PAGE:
U. S. Senate Recognition
EARTH SCIENCE WEEK (Senate - July 15, 1998)
Mr. WYDEN. Mr. President, in the nineteenth century, Merriwether Lewis and William Clark explored the western reaches of our expanding country. As they explored my home region of the Pacific Northwest, Lewis and Clark cataloged the mineral and natural resources of the land. In particular, they spoke of a mighty river known to the local inhabitants as Nch'i Wana, the Great River. We know it today as the Columbia River and its importance as a reliable source of water and power to the people of the Pacific Northwest is undeniable.
When Twentieth Century American explorers embarked on a similar journey to explore the Moon, one of their earliest actions was to bend down to the surface and pick up a rock. That simple movement framed an ancient reflex that underscores the basic imperative to explore our surroundings. Today, I want to recognize the important role played by the earth sciences in expanding our economy, supporting our national goals, and increasing our knowledge of the larger world.
Modern geophysical research reveals that ours is a dynamic planet. On the Earth's surface, great tectonic plates shift continental positions with terrific force. On the ocean's surface, microscopic plants and animals help regulate global atmospheric gases and serve as the foundation of our planet's food web. In the deep ocean abyss, mysterious and wondrous animal communities thrive in endless darkness by deriving life-sustaining nutrients from active volcanic vents.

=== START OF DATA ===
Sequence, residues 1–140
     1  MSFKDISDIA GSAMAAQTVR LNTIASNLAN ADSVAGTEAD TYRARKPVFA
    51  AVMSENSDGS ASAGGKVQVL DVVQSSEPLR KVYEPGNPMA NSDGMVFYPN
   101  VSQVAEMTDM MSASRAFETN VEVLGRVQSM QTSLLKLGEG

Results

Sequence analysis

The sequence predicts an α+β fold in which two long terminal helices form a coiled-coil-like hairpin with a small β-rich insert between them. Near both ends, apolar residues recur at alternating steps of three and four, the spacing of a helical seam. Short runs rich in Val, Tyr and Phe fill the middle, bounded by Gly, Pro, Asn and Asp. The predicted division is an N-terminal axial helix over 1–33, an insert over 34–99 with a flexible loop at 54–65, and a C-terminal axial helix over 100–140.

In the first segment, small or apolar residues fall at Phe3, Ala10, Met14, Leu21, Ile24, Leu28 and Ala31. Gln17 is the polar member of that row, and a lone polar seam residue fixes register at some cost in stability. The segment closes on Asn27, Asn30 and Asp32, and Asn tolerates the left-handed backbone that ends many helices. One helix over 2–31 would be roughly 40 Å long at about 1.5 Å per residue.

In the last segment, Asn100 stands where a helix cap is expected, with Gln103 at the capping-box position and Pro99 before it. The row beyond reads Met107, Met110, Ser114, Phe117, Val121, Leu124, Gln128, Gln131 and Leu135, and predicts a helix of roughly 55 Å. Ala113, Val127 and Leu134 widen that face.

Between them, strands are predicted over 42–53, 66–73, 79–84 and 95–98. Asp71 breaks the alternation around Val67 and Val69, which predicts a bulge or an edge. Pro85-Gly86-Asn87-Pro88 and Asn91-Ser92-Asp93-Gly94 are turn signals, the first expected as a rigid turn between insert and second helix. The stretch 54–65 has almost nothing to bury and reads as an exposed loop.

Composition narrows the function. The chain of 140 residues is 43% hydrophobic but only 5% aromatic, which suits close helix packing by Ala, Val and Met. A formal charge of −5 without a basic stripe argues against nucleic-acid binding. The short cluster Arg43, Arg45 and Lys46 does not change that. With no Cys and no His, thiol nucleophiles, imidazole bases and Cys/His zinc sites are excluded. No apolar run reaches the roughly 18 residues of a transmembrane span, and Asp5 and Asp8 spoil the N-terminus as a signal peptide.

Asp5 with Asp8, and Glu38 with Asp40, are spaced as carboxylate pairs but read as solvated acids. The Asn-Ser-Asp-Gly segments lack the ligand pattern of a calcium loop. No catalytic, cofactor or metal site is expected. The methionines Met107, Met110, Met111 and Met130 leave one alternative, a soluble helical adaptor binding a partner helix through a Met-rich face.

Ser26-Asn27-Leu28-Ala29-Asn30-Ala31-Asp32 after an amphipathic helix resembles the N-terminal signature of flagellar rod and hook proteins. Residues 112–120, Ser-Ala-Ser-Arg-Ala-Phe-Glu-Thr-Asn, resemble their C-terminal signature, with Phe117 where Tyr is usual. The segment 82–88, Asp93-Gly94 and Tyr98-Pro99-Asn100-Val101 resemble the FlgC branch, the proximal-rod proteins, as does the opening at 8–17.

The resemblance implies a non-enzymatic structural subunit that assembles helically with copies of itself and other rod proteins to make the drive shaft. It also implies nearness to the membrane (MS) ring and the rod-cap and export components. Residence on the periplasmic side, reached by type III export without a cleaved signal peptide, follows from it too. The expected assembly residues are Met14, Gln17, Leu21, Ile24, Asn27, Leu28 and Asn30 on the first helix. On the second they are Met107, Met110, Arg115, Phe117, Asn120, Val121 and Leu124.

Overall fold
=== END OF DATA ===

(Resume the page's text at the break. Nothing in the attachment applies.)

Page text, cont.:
Earth science is a global science that speaks a global language and unites people by promoting sustainable development. The study of earth science provides the skills necessary for locating and utilizing natural resources, understanding natural processes that often conflict with human designs, and comprehending our natural heritage through the unusual perspective of geologic time. The unique panorama of geologic time allows us to observe the full range of natural processes on Earth and aids in developing a comprehensive view of the natural world beyond a perspective limited only to that of human influence.
In my home state of Oregon, we celebrate the land and respect the power of nature. We have learned to protect our citizens and expand our economy by working with nature and prudently mitigating natural hazards. In consideration of the importance of the earth sciences in the daily lives of all Americans, I submit, for the Record, the resolution issued by the Association of American State Geologists.
The resolution follows:
Whereas the earth sciences are fundamental to society; and
Whereas the earth sciences are integral to finding, developing, and conserving mineral, energy, and water resources needed for society; and
Whereas the earth sciences promote public safety by preparing for and mitigating natural hazards such as floods, landslides, earthquakes, volcanic eruptions, sinkholes, and coastal erosion; and
Whereas the earth sciences are crucial to environmental and ecological issues ranging from climate change and water and air quality to waste disposal; and
Whereas geological factors of resources, hazards, and environment are vital to land management and land use decisions at local, state, regional, national, and international levels; and
Whereas the earth sciences contribute critical information that enhances our understanding of Nature,
Therefore, be it resolved that the second full week of October henceforth be designated as Earth Science Week.